Giselle Wellman, it seems, was literally born to cook. In her Jewish­ Mexican family, two of her aunts are chefs, and it was her mother&rsquos infectious love of cooking that lured Giselle away from medical aspirations into a life she loves in food. In fact, her mother recognized Giselle&rsquos innate passion, and brought Giselle a brochure for culinary school, signally her full support. Giselle left her hometown of San Diego to attend Le Cordon Bleu Academie d&rsquoArt Culinaire in Mexico City, partly so she could live closer to her relatives, who had originally settled in the city after fleeing Europe during World War II. After graduating in 2004, Giselle returned to San Diego, getting a job at Star of the Sea, where she trained in basic kitchen work. When she moved on to Jack&rsquos La Jolla, two years later, she learned pasta under Tony diSalvo ­ and learned she loved it, too. In 2009, she landed a dream job working with Mario Batali, at Del Posto, in New York, as chef de partie. The opportunity to work with Thomas Keller, at Bouchon Beverly Hills, brought her out to Los Angeles. From there, she was hired as Executive Chef at Petrossian to share her wealth of experience in the restaurants dishes.

Wild at Canelé has been extremely popular since Ria and Matt Wilson started their lunch service in November 2014. If you&rsquove heard Ria&rsquos name before, it might be in association with a past stint at Canelé, or more recently at Sqirl (where she worked as Chef de Cuisine, and he served as Sous). Ria grew up in Atwater Village, so Wild at Canelé is a sort of homecoming. It has also been an opportunity to play with style and flavor, without culinary boundaries, except what&rsquos dictated by the seasons. Born in the Philippines, Ria has given particular attention to her native fare, reimagining Filipino cuisine in fun, local, California ways. They&rsquore hoping for a place of their own one day, but in the meantime, Wild at Canelé is open for lunch on Wednesdays, Thursdays and Fridays.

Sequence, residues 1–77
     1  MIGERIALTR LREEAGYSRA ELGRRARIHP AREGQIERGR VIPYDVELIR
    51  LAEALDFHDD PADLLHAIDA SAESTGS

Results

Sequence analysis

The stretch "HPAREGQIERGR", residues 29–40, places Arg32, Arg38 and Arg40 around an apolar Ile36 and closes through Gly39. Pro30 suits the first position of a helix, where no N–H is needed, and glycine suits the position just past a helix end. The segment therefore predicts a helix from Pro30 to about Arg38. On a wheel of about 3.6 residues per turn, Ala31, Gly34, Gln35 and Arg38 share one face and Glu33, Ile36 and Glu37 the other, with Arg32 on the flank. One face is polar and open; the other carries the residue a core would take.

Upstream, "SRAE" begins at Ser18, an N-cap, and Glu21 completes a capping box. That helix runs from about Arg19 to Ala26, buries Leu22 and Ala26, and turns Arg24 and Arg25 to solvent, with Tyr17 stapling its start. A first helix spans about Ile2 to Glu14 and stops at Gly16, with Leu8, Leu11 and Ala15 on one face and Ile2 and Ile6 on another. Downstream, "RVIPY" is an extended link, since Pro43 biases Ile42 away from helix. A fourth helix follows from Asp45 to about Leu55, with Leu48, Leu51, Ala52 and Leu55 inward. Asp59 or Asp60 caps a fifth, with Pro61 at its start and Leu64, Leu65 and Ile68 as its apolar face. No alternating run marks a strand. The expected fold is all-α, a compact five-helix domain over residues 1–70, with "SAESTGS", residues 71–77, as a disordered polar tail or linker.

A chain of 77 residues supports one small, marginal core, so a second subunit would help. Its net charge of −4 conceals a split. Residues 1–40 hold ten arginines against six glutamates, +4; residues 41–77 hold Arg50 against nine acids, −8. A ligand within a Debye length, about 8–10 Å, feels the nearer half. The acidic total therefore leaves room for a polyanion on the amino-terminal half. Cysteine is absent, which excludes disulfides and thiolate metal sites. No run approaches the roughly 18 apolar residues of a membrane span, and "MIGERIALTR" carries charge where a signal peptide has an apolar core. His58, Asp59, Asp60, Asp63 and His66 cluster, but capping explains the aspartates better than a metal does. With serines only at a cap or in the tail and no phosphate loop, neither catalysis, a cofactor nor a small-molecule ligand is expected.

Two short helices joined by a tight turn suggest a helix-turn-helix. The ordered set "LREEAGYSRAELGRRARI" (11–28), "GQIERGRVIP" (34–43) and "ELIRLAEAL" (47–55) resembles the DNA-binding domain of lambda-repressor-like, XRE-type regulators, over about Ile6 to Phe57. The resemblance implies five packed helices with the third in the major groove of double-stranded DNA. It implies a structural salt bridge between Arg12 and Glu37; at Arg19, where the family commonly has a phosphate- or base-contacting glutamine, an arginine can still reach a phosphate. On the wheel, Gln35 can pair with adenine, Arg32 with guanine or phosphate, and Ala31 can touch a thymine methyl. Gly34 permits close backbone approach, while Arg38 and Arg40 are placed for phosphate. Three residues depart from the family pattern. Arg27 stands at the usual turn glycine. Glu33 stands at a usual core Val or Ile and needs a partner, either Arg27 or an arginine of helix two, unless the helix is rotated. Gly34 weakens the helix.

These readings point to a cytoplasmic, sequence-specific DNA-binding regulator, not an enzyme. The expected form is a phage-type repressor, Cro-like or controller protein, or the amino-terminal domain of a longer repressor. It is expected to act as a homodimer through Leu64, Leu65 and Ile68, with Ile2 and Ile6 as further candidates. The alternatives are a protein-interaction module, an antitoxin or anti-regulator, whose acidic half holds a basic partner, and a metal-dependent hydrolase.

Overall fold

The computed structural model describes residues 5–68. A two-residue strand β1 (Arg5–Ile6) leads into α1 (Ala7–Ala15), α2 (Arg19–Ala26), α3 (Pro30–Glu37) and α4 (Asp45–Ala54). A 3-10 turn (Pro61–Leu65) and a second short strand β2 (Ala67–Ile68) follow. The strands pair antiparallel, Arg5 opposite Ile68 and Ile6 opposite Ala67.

Best Up & Coming Female Chefs In Los Angeles

A Los Angeles native, Stephanie is back representing LA after stints at Big Canyon Country Club in Newport Beach, Tru and Naha in Chicago, and Sage and Rose.Rabbit.Lie in Las Vegas. Starting her career with an interest in butchering, Executive Chef Fredric Moreau (Big Canyon Country Club) saw something sweet in her and encouraged Stephanie to experiment with pastry. Originally against the idea, her resistance to the idea changed though when she realized pastry is a perfect combination of art and science. Since the decision, Chef Boswell’s life has been pretty sweet ever since. Today, she is Executive Pastry Chef at Belvedere Restaurant, at the Peninsula Hotel. With training in fine­dining pastry, modern styles artistic presentation, and international cuisines, Stephanie has found the perfect place ­an internationally renowned, luxury hotel ­to put her sugared skills on display.

Rachel Carr is here to change the minds of anyone who insists vegan food has no flavor. As an award-winning chef, health coach, flood blogger and restauranteur, Carr has opened Cru in Los Angeles and Six Main in Connecticut. And, she&rsquos done it all with no animal byproducts. Chavela isn&rsquot the kind of place you&rsquore going to find soy burgers and chick&rsquon stir fry either. Carr is obsessed with locally sourced, organic plants, and believes these pack enough flavor to star as the main course, not as filler for fake meat. By creating recipes that highlight everything a vegetable is instead of masking them as something they&rsquore not, Rachel&rsquos food appeals to even the most red­blooded carnivore. To demonstrate this, there&rsquos even beer, wine and namesake Chavela cocktails ­ a type of Peruvian sangria ­ on the menu. Look to her to change the way L.A. does vegan in the future. In the meantime, when she&rsquos not in the kitchen, she&rsquos sharing her recipes and observations as a vegetarian of 20 years, on her website, TheRawAndTheCooked.com